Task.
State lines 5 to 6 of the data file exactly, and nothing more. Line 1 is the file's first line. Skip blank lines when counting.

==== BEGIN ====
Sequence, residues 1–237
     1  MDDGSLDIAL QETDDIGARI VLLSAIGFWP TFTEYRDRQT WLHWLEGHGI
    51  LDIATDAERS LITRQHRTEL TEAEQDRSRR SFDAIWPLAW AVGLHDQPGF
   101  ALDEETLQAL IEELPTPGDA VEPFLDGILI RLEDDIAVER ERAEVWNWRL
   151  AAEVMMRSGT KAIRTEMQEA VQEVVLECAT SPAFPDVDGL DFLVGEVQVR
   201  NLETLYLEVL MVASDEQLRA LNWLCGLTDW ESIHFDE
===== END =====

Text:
   151  AAEVMMRSGT KAIRTEMQEA VQEVVLECAT SPAFPDVDGL DFLVGEVQVR
   201  NLETLYLEVL MVASDEQLRA LNWLCGLTDW ESIHFDE